Most of the apps that come to my mind have already been mentioned by others in the excellent answers above, e.g., dropbox, webex
A couple of others: qik plus allows video calls that work with your 3G data plan (if your ipad is so equipped), whereas facetime only works over wifi.
I find the mail reader app that comes with the ipad to be very convenient as a single place to aggregate and handle all my email, calendars, etc.; unlike a smartphone like the iphone, the ipad is large enough to allow reasonably long emails to be entered; unlike a laptop, the ipad is more portable and convenient to bring around.
As a google voice user, I appreciate the google voice app that among other things provides a convenient alternative way to access to voice mail over wifi, plus of course, the multiple-ring features. Other comms related apps like skype and twitter are cool too.
Maps and navigation apps are helpful for travel, and cloudreader is a convenient reader for pdf docs.
+1 for accessory ZAGGmate Qwerty keyboard hard carrying case and apps Dropbox storage and Cohuman task management.
Tim Ebenezer(Managing Director, Codeshape Limited)
DropBox is great for pulling documents down, but doesn't format Office 2010 documents correctly all the time; particularly has problem with complex table rendering. I imagine this is actually due to the built in OS parsers for these types of documents.
I think this question is slightly moot however; since the iPad should not be looked at to serve this function. The MacBook Air, for instance, that I have, is only slightly bigger than my iPad; but can multi task in a more 'desktop' workflow suitable way.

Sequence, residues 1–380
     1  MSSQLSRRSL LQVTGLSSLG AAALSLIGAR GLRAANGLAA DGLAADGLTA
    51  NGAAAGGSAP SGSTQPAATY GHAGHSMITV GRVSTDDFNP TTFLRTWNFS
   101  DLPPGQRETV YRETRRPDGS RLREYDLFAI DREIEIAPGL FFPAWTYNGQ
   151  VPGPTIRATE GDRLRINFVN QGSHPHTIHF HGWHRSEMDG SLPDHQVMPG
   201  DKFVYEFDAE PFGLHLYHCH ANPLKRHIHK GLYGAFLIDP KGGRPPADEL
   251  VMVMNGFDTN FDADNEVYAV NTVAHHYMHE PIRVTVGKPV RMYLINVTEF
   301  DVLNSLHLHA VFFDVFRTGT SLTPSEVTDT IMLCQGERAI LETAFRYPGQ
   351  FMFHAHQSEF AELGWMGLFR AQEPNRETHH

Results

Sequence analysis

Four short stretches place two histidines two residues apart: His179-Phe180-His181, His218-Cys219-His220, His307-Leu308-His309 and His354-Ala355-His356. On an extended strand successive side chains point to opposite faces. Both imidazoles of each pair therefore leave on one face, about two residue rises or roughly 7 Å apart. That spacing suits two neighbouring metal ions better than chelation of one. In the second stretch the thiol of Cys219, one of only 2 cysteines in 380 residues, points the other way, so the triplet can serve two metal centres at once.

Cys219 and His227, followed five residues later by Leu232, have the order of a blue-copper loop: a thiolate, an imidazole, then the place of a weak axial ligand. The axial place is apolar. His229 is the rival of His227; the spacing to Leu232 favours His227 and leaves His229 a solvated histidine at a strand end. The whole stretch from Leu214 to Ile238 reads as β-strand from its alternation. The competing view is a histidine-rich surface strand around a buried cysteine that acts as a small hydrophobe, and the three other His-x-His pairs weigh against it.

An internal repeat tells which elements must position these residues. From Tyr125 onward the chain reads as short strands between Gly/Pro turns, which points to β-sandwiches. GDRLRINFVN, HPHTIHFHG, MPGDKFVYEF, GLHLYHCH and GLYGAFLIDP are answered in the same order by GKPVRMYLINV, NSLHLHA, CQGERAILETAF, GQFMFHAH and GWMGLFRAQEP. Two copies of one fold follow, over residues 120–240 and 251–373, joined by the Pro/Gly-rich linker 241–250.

The iPad plays to other strengths; a capacitive stylus with software like Penultimate allows it to be used effectively for wireframing and brainstorming sessions. Mind mapping tools and diagramming tools like Omnigraffle, enable great collaborative working. Evernote is perfect for capturing meetings, both audio, notes and taking photos of whiteboards etc; and then distributing them.
The point I make is that an iPad's strength is not in being a 'laptop replacement'; it is a third category of device, and should be treated as such. Environments where laptops have been used, but aren't suitable (ie. meetings, roundtables etc.); should be recapture to be done on a tablet. It's a paradigm and working shift, and we must be adaptable to it.
Contador Harrison(Software Developer, Somocon Oy)
Apple says there are more than 67,000 iPad apps in the iTunes App Store today. With that kind of choice, finding the best can be difficult and it will largely depend on the industry your working in. You should also figure out main reason for buying iPad.iPad 2 is much more superior that its predecessor because it has New Smart Covers that protect the screen without spoiling the design, Faster processing and graphics, Lighter, thinner design and more important has Cameras for video calling as well its cheaper than iPad 1.
If you buy iPad so that people can see that you own an iPad your lost and most likely you will be a disgruntled element. My advise is buy iPad for its functionality, and then work out on the functionality and make good use of it. The “Sent from my iPad” email signature thing is outdated and with iPad 2, you can actually film your own face as you talk to lesser mortals via video conference.
My top ten iPad 2 applications